It’s August, which means it’s Women in Translation Month! I’d love to spotlight 5 reads I’m looking forward to reading and would recommend others check out too!
Heaven by Meiko Kawakami
Ever since I read Meiko Kawakami’s Breasts and Eggs, she had me by the NECK! I bought this book as soon as it came out, eager to digest more of her precise character portraits and striking descriptions.
“Hailed as a bold foray into new literary territory, Kawakami’s novel is told in the voice of a 14-year-old student who subjected to relentless torment for having a lazy eye. Instead of resisting, the boy chooses to suffer in complete resignation. The only person who understands what he is going through is a female classmate who suffers similar treatment at the hands of her tormentors.
These raw and realistic portrayals of bullying are counterbalanced by textured exposition of the philosophical and religious debates concerning violence to which the weak are subjected.” – Goodreads
Here Is a Body by Basma Abdel Aziz
I read Aziz’s novel The Queue last year and enjoyed its take on dystopia, and I’m thoroughly excited to see how she continues to explore these ideas.
“Mysterious men are rounding up street children and enrolling them in a so-called “rehabilitation program,” designed to indoctrinate them for the military-backed regime’s imminent crackdown on its opponents. Across town, thousands of protesters encamp in a city square demanding the return of the recently deposed president.
Reminiscent of recent clashes in Egypt and reflective of political movements worldwide where civilians face off against state power, Abdel Aziz deftly illustrates the universal human struggles between resisting and succumbing to an oppressive regime.
Here Is A Body is a courageous and powerful depiction of the state cooptation of human bodies, the dehumanization of marginalized groups, and the use of inflammatory religious rhetoric to manipulate a narrative.” – Auc Press
The Union of Synchronised Swimmers by Cristina Sandu
I don’t think I’ve read a lot of Finnish or Romanian literature, so I’m excited to finally add this book into my to-read list. The premise and reviews are promising.
“It’s summer behind the Iron Curtain, and six girls are about to swim their way to the Olympics — and a new life.
In an unnamed Soviet state, six girls meet each day to swim. At first, they play, splashing each other and floating languidly on the water’s surface. But soon the game becomes something more.
They hone their bodies relentlessly. Their skin shades into bruises. They barter cigarettes stolen from the factory where they work for swimsuits to stretch over their sunburnt skin. They tear their legs into splits, flick them back and forth, like herons. They force themselves to stop breathing.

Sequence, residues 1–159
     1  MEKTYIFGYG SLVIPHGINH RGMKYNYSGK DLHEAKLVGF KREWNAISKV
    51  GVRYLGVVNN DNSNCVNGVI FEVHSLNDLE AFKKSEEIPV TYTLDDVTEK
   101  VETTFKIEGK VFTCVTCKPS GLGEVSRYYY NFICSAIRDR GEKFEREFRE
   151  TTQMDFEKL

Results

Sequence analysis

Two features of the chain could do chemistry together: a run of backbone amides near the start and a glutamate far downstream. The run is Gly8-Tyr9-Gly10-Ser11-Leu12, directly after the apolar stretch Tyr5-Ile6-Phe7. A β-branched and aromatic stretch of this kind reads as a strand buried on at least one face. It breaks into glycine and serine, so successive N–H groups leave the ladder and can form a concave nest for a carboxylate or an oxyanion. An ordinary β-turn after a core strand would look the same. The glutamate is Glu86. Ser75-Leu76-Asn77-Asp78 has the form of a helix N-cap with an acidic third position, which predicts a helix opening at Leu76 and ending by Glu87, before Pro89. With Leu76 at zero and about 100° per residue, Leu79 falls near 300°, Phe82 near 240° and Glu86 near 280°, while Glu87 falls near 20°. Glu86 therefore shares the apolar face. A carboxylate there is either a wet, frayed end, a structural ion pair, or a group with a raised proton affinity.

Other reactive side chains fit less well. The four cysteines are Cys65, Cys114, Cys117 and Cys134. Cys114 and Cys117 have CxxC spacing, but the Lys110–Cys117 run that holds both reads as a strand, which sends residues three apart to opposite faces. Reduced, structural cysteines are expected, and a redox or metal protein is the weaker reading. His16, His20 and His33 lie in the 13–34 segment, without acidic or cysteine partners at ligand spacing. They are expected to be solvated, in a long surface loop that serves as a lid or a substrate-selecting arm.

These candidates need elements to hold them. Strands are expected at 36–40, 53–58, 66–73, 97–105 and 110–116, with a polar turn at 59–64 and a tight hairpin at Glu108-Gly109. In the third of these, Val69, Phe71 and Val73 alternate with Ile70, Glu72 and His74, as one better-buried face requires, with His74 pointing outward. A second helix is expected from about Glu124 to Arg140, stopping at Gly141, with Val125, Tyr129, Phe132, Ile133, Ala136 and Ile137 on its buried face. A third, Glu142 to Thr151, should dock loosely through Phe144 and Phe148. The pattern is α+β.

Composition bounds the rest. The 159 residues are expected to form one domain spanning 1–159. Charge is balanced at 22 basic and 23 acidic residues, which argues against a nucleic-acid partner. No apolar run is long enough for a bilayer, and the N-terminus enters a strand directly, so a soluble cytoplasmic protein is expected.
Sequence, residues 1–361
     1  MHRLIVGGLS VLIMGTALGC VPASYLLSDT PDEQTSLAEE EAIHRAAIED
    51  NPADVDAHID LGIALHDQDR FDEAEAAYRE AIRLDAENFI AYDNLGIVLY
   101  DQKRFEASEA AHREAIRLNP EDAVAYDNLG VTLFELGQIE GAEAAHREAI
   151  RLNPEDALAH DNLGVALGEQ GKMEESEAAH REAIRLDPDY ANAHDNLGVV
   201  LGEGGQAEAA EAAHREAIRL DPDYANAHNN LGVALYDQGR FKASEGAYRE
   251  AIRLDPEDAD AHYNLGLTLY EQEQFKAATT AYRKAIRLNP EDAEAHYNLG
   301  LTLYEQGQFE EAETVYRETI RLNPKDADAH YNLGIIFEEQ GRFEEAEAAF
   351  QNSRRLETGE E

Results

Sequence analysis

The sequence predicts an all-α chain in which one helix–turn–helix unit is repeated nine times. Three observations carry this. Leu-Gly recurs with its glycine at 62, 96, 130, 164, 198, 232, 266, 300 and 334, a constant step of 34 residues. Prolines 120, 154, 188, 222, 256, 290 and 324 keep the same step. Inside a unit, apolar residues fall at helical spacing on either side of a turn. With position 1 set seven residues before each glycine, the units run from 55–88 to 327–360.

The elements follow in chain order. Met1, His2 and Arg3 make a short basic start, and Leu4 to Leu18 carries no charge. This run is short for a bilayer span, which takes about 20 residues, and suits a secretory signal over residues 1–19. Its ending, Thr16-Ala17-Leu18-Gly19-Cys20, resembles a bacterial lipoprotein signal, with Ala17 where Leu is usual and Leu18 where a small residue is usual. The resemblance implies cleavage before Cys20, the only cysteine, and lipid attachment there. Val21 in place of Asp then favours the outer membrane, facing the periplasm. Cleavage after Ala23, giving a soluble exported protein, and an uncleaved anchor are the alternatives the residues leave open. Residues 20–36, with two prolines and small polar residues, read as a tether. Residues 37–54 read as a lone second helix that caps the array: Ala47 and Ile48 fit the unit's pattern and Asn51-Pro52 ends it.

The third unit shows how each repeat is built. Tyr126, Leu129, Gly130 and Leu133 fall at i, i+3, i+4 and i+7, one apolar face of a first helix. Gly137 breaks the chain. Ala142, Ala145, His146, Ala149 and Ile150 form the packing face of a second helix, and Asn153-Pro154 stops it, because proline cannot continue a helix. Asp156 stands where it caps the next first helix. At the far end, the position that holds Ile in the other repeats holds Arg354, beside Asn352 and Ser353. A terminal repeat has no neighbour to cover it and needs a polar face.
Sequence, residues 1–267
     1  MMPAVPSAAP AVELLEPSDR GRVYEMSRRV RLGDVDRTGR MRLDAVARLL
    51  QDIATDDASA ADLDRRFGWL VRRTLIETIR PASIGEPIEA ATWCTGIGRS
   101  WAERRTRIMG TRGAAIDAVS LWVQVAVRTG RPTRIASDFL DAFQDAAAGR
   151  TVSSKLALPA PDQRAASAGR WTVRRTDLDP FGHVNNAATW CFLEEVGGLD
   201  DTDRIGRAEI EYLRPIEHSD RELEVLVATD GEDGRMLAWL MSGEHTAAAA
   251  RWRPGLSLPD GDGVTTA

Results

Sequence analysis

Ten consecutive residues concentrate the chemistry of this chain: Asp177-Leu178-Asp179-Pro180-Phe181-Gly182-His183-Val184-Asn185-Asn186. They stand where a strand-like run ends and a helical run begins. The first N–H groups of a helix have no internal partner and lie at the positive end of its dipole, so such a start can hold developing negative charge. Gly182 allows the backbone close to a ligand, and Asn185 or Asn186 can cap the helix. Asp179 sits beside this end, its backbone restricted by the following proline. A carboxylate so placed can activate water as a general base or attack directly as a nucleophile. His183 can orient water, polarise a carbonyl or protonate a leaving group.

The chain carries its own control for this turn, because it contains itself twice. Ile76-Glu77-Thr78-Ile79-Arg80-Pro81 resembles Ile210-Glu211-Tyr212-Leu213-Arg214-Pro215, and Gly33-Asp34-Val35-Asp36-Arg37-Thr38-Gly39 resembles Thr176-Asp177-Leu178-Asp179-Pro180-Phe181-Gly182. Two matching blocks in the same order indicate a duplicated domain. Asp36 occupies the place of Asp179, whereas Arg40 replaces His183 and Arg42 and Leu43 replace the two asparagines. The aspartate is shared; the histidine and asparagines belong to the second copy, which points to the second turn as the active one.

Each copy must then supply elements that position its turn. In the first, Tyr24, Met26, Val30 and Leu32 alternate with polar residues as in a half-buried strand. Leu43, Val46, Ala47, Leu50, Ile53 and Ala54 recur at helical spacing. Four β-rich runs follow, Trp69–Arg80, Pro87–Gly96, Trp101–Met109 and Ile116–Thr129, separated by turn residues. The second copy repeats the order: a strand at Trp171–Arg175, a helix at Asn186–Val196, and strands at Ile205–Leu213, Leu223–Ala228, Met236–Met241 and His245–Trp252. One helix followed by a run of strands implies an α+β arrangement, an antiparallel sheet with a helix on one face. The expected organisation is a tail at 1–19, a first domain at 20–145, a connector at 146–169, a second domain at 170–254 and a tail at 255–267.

When they find themselves representing their country as synchronised swimmers in the Olympics, they seize the chance they have been waiting for to escape and begin new lives.
Scattered around the globe, six women live in freedom. But will they ever be able to forget what they left behind?” – Scribe Publications
I adored Min Jin Lee’s family epic of Zainichi Koreans and am excited to pick up another book of the same topic. I’m always on the look-out for voices that, even in translated fiction, can be overlooked!
“Seventeen-year-old Ginny Park is about to get expelled from high school—again. Stephanie, the picture book author who took Ginny into her Oregon home after she was kicked out of school in Hawaii, isn’t upset: she only wants to know why. But Ginny has always been in-between; she can’t bring herself to open up to anyone about her past, or about what prompted her to flee her native Japan. Then, among the scraps of paper and drawings of Stephanie’s stories, Ginny finds a mysterious scrawl that changes everything: The sky is about to fall. Where do you go.
Ginny sets off alone on the road in search of an answer, with only her journal as a confidante. In witty and brutally honest vignettes, and interspersed with old letters from her expatriated family in North Korea, Ginny recounts her adolescence growing up Zainichi, a Japan-born Korean, and the incident that forced her to leave years prior. Inspired by her own childhood, author Chesil creates a portrait of a girl who has been fighting alone against barriers of prejudice, nationality, and injustice all her life—and one searching for a place to belong.” – Soho Press
The Wondrous and Tragic Life of Ivan and Ivana by Maryse Condé
Often times I see Black authors overlooked in ‘women in translation’ recommendations, so I want to encourage people to proactively seek them out! In Condé’s novel, she explores the slow steps of radicalization through two men, and covers topics on colonization, exploitation, etc. All these topics are straight up my alley and I’d love to get my hands on a copy.
“Born in Guadeloupe, Ivan and Ivana are twins with a bond so strong they become afraid of their feelings for one another. When their mother sends them off to live with their father in Mali they begin to grow apart, until, as young adults in Paris, Ivana’s youthful altruism compels her to join the police academy, while Ivan, stunted by early experiences of rejection and exploitation, walks the path of radicalization. The twins, unable to live either with or without each other, become perpetrator and victim in a wave of violent attacks. In The Wondrous and Tragic Life of Ivan and Ivana, Maryse Condé, winner of the 2018 Alternative Nobel prize in literature, touches upon major contemporary issues such as racism, terrorism, political corruption, economic inequality, globalization, and migration. With her most modern novel to date, this master storyteller offers an impressive picture of a colorful yet turbulent 21st century.” – Goodreads